The Liar

I don’t have to lie. I choose to.

Every morning I tell my young son that I am needed at work, that I am playing an important role and that if I don’t turn up my colleagues will start to wonder where I am, brows knitted and voices expressing concern and rising anger in equal measure.

I am, of course, speaking in the third person, about another me, a parallel person who has a leading role in the play, who plays first violin in the orchestra. Every morning without fail I am struck by this habit of lying almost naturally about a “friend” who has certain ideas, urges, experiences, all of which have a passing resemblance to series of events that play out in my head (or occasionally in reality, if a little distorted).

I suppose this gives me a distance to myself, by pretending that some fictional character experiences or does things which in reality I would like, or would have liked, to do myself. But this act of not doing, of pretence: does it arise out of an unwillingness to act, or rather out of a desire to run a trial, observe a test, satisfy some sort of curiosity regarding what will happen in any given situation and how people will react before committing to a course of action? I suppose if people react well, I then wish I had said it, whereas I can feel smug for my friend’s stupidity if the reaction is negative.

Surely we have all done this before, told tales of imaginary “friends” when these were actually none other than the story-teller?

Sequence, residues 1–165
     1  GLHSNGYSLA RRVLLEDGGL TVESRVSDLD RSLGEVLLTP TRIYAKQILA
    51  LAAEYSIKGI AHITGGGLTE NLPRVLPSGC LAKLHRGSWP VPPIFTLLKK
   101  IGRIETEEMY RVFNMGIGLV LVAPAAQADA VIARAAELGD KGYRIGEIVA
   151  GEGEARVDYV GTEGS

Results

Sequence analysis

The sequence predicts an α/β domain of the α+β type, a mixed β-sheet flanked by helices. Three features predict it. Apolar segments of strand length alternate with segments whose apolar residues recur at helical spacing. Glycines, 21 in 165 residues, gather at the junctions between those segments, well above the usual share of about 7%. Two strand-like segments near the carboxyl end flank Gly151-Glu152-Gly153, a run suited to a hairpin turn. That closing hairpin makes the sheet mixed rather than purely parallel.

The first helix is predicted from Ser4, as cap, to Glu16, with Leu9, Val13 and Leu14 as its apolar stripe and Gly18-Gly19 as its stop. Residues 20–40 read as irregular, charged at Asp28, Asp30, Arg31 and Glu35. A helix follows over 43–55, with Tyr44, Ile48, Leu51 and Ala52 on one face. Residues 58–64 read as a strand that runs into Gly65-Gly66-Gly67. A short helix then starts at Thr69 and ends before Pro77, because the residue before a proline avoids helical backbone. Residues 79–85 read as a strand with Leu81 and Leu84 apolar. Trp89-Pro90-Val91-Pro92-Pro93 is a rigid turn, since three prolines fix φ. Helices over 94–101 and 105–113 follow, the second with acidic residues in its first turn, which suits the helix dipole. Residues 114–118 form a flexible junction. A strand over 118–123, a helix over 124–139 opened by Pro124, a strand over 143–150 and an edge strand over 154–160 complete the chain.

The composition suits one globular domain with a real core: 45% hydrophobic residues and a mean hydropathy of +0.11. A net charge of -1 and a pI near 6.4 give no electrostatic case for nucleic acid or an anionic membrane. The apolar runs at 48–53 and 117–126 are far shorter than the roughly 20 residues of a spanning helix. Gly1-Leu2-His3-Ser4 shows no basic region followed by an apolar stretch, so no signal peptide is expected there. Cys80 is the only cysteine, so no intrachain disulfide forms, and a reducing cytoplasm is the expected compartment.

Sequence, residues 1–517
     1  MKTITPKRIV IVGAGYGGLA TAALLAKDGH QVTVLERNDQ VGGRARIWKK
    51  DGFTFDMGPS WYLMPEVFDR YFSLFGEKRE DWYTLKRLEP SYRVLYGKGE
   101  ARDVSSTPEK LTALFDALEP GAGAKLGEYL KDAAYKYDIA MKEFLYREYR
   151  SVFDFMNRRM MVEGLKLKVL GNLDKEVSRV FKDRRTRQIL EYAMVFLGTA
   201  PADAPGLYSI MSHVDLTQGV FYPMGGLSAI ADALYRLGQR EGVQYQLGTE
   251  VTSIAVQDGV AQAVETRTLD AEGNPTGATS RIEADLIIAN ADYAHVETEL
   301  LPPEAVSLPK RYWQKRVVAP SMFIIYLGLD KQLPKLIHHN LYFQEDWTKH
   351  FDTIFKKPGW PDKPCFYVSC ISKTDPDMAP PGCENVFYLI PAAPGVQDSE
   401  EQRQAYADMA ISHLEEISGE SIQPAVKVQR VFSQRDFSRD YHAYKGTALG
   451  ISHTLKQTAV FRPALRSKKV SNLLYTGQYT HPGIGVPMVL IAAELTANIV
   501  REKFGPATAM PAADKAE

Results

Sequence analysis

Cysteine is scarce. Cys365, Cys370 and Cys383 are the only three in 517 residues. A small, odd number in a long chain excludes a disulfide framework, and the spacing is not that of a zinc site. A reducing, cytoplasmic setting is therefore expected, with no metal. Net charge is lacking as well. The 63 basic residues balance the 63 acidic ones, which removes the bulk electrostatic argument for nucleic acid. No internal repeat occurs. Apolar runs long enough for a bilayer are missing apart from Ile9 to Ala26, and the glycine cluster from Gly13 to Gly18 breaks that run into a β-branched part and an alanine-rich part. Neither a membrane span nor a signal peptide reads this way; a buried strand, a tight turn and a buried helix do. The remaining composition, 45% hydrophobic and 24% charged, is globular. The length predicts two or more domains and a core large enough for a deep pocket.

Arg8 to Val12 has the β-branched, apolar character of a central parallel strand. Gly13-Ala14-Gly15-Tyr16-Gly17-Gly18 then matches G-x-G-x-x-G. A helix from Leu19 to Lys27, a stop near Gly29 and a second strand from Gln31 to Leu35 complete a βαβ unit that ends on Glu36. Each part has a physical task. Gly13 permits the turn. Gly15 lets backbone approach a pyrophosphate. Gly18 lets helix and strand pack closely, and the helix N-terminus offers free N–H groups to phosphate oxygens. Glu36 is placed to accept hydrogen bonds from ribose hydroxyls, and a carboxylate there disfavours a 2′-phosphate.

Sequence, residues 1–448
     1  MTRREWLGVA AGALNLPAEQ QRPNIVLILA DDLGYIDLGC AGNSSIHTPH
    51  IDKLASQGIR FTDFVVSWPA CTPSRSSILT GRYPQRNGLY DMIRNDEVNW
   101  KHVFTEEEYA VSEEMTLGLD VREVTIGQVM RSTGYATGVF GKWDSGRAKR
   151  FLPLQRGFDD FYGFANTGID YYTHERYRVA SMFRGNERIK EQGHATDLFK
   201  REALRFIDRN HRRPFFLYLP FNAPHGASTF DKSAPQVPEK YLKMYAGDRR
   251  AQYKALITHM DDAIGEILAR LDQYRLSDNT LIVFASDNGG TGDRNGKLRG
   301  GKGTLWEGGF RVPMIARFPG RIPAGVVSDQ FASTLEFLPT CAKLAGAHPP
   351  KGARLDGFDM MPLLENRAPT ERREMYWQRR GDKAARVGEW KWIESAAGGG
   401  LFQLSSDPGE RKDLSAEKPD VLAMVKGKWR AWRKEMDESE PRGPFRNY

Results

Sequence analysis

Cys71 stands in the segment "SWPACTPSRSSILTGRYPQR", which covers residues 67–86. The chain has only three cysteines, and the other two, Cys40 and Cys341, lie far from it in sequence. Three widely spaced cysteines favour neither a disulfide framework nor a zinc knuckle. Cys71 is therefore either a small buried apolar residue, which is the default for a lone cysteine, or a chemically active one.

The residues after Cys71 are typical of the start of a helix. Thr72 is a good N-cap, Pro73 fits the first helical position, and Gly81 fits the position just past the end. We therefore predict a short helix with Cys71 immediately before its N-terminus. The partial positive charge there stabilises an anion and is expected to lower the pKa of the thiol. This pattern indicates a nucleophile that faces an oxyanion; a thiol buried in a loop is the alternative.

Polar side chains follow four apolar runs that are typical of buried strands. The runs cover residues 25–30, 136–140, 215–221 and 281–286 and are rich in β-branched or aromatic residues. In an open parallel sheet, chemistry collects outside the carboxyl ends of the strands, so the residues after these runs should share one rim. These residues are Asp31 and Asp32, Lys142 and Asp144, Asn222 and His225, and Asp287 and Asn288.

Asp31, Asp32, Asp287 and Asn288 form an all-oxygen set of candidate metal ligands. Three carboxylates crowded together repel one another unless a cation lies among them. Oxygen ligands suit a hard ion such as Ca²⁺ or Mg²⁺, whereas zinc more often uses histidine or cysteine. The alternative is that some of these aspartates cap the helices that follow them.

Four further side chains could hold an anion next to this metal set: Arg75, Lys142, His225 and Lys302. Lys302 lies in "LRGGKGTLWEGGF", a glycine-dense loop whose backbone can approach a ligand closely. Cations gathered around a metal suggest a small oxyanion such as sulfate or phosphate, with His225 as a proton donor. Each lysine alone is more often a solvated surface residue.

This is exactly how it had been for just such a friend of mine. The very mechanism described above was one by which he was able to deal with an inability to explain or justify his own actions, making them up on occasion in order to pretend to himself, or convince himself even, that this is what he had done, or how he had acted, instead of what had actually happened in reality.

So blurs reality and fiction, until it had become difficult for him to tell where it began and where it ended. Certainly these constructions, these creaking structures, had become difficult for him: although he thought that he was independent, observing, making clever remarks and generally commenting on the life around him, in fact he was simply lonely and isolated because he wasn’t participating and reaching down into the fabric of the world around him. I had told him on many occasions: you have to immerse yourself in order to understand what being wet means.

In a society fixated with nudges, and trying to channel people onto particular defaults, this observer had bobbed along on the stream, sometimes in the middle, sometimes near the shore, but always letting the current take him where it will. In the end, I had added, whom was he actually lying to? The people closest to him, or himself?

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